The largest and only national service of its kind, Welcome Wagon provides personalized advertising for thousands of commercial businesses and professionals in the medical, dental, health-care, and animal-care fields nationwide. The organization was founded in Memphis, Tenn., and derives its name from the Conestoga wagons of frontier days. As westward-moving wagon trains neared a frontier community, townspeople sent out a wagon loaded with provisions in hopes of enticing the travelers to settle in the town. This tradition was revived with the formation of the company in 1928.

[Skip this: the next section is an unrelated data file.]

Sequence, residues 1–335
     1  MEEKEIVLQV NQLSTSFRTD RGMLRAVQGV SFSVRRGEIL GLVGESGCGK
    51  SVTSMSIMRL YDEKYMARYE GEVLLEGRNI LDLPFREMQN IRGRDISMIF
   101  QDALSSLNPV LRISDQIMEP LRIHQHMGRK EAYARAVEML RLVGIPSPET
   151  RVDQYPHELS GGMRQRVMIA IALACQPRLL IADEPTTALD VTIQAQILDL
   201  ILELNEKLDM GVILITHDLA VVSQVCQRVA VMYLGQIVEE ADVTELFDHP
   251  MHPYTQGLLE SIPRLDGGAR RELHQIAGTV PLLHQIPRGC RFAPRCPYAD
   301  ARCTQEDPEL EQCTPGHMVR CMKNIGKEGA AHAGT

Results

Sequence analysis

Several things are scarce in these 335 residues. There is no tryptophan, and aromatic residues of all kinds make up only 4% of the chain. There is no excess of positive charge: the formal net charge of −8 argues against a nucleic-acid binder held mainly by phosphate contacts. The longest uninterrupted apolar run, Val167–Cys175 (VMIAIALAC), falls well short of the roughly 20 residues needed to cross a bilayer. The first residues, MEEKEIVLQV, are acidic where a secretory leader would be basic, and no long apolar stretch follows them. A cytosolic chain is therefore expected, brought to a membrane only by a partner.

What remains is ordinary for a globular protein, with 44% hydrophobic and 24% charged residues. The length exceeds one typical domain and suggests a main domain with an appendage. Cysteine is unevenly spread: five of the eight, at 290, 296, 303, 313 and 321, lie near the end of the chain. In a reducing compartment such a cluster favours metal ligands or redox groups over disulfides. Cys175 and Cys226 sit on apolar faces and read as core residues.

■ Garrett Sullivan, an eighth grader, and Lindsay Overman, a seventh grader at New Braunfels Middle School, have been accepted as delegates with the People to People Student Ambassador Program to England, Ireland, Scotland and Wales this summer. During the three-week itinerary, the student ambassadors will visit the famous capitals — London, Edinburgh
and Dublin — along with many smaller towns and villages in these historic and beautiful countries. Some of their activities will include spending several nights with host families in England and Ireland, visiting a British middle school, watching the changing of the guard at Buckingham Palace, meeting a diplomat at the British Parliament, exploring historic Edinburgh Castle and experiencing daily life with the people of these great countries.